A camp for U.S. border crossers is established near the Quebec border, August 2017. (YouTube)

B.C. VIEWS: Canadian cities begin to declare themselves city-states

Local politicians meddle in immigration, environment issues

It’s the dead of summer. B.C.’s Green-NDP government is taking a break from dressing the province’s economy in worn-out bell bottoms. No trucks loaded with big steel pipe are rolling yet. Even the hardened actors of our many summer tent camps are taking a break from disrupting our energy and housing policy.

The federal government has assured us there is no refugee crisis in Canada, while hastily shuffling the cabinet to create a new department of homeland security, er, Border Security and Organized Crime Reduction.

Migrants are pouring across the border from the U.S., mostly at a single rural road crossing from upstate New York into Quebec. They come in taxis, roller suitcases trailing them.

Ottawa has responded with an RCMP reception centre, welfare and hotel rooms, to welcome people clearly briefed on how to cut the legitimate refugee application lineup.

National media don’t explore the obvious human trafficking angle. Instead they quibble about whether the migrants should be called “illegal” or “irregular,” and note with approval that 1,200 crossings in June is fewer than the 2,200 who somehow happened to arrive in May. By that point there were 30,000 awaiting hearings.

B.C. media reported with approval a new policy quietly announced by the Vancouver Police. It’s a “draft” policy that’s already in effect, in which officers don’t ask about the immigration status of witnesses, complainants or victims. City hall came up with this a couple of years ago, and stats show virtually no contact between VPD and immigration authorities since.

It’s called “access without fear” (of deportation). In effect, Vancouver has declared itself a sovereign state and declined to observe federal immigration law, such as it is. Call it Stealth Sanctuary City.

Victoria is likely on the same path. This being a municipal election year, their preferred distractions include pushing Sir John A. Macdonald into the closet and cracking down on plastic bags.

The ban on point-of-sale bags hasn’t spread as quickly as I predicted in January. It’s in effect here in Victoria, but not all of the dozen suburbs have fallen into line.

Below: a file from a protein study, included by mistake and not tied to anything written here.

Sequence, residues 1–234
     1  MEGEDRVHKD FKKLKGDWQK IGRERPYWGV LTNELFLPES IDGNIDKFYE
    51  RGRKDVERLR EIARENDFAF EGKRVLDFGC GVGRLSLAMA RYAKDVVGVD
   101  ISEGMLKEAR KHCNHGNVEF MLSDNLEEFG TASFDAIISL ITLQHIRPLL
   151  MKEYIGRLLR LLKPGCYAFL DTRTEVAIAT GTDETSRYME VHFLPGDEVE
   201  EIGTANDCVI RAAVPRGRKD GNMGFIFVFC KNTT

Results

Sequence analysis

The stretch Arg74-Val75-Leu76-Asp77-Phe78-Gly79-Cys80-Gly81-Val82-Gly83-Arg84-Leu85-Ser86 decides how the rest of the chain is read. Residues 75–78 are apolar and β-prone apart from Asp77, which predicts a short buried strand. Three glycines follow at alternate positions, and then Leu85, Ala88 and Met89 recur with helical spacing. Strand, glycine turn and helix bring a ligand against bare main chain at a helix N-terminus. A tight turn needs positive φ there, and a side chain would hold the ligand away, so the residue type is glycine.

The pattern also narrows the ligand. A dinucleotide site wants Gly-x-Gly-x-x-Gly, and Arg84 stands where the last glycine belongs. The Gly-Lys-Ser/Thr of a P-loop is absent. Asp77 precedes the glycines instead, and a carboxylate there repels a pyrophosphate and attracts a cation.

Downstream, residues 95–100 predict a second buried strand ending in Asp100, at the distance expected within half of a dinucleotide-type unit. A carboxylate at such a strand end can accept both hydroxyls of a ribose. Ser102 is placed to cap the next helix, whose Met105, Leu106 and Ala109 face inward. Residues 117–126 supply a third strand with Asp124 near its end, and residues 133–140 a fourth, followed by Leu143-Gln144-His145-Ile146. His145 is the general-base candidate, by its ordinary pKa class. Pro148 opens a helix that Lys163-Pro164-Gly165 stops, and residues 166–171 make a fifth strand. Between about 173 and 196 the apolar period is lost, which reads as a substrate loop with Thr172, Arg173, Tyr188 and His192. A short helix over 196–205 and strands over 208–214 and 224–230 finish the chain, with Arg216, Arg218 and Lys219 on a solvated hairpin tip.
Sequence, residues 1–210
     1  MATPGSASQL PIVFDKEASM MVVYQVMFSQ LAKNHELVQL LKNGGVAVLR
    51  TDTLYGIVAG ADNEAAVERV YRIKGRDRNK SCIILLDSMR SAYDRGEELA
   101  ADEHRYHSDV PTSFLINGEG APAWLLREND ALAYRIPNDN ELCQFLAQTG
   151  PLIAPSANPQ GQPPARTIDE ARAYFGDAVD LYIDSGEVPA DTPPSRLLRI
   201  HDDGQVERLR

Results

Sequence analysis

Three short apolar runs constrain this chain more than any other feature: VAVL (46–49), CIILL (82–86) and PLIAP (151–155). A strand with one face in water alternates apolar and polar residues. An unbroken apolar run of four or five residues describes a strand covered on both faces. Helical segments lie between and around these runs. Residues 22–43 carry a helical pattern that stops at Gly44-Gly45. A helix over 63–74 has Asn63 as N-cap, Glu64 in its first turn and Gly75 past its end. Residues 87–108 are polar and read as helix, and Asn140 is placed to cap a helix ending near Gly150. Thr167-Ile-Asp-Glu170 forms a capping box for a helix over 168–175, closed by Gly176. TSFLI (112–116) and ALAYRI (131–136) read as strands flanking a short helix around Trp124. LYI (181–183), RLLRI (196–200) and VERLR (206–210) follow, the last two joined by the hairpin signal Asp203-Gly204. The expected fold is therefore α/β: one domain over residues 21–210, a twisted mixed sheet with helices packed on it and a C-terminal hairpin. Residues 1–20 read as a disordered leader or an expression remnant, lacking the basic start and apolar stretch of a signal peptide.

“We’ve still got a few left,” one store clerk whispered to me as she pulled out a thin rack of plastic bags and slipped one over my awkwardly shaped purchase. “We’ve always used the biodegradable ones, so I’m not sure what the problem was.”

Plastic straw mythology has taken over. We have a federal environment minister incorrectly claiming that restaurants have banned the dreaded straws, and praising kids for using a steel straw that looks like a Ninja murder weapon. This as municipal politicians try to implement provincial environment policy, or at least attract attention by pretending to do so.

Corporations run to the front of the parade to declare plastic straws a biohazard. As with the bag boondoggle, inferior and more greenhouse gas-intensive paper is substituted. This is what rudderless government looks like.

As of July there had been about 450 “irregular” migrant crossings into B.C. so far this year, people sneaking in using a loophole in Canada’s “safe third country” agreement with the U.S.

That doesn’t sound like a lot, but we should remember B.C.’s tradition of being the destination of choice for migration within Canada. That can be measured by the tent camps along major highways.

Local politicians seem determined to pretend the “homeless” are all local, as they discourage any effort to measure the reality of migration. They’d rather regulate the easier things, like plastic bags and drinking straws.

Tom Fletcher is B.C. legislature reporter and columnist for Black Press. Email: tfletcher@blackpress.ca


@tomfletcherbc
tfletcher@blackpress.ca

Like us on Facebook and follow us on Twitter.

Just Posted

Outlaws host West Kootenay in Tournament

The Cranbrook Lacrosse Association had their first indoor lacrosse tournament of the year

Rogues look to build on last season success

The Rocky Mountain Rogues have started practices for their 2019 season

Accident at downtown Cranbrook intersection

Emergency personnel were on the scene of an accident at 2nd Street… Continue reading

Ecosystem restoration burns planned for Premier Lake area

Burns to start within next two weeks depending on weather conditions

RCMP looking for help to identify ‘person of interest’ in recent property crimes

Cranbrook RCMP is looking for help identifying the man in the attached… Continue reading

Dashcam captures close call between minivan, taxi at busy Vancouver intersection

To make the footage more nerve-wracking, a pedestrian can be seen standing at the corner

Hugs & Slugs

Slugs: Huge Slugs to the rude, abusive elderly couple at the Superstore… Continue reading

Structure fire displaces Sparwood family

Family uninjured. One pet lost. House remains uninhabitable due to severe damage.

Waste not: Kootenay brewery leftovers feed the local food chain

Spent grains from the Trail Beer Refinery are donated to local farmers and growers, none go to waste

Deck collapses in Langley during celebration, 35 people injured

Emergency responders rushed to the Langley home

B.C. mom wages battle to get back four kids taken from her in Egypt

Sara Lessing of Mission has help from Abbotsford law firm

VIDEO: Fire guts Peachland home

Crews are still on scene pumping water onto the blaze in the Okanagan neighbourhood

$6K raised in one day’s time for family of woman gunned down in Penticton

GoFundMe launched for family of Darlene Knippelberg, to pay for funeral costs and other expenses

B.C. mountain biker sent home from hospital twice, despite broken vertebrae

Released in Maple Ridge to go home with three fractured vertebrae

Most Read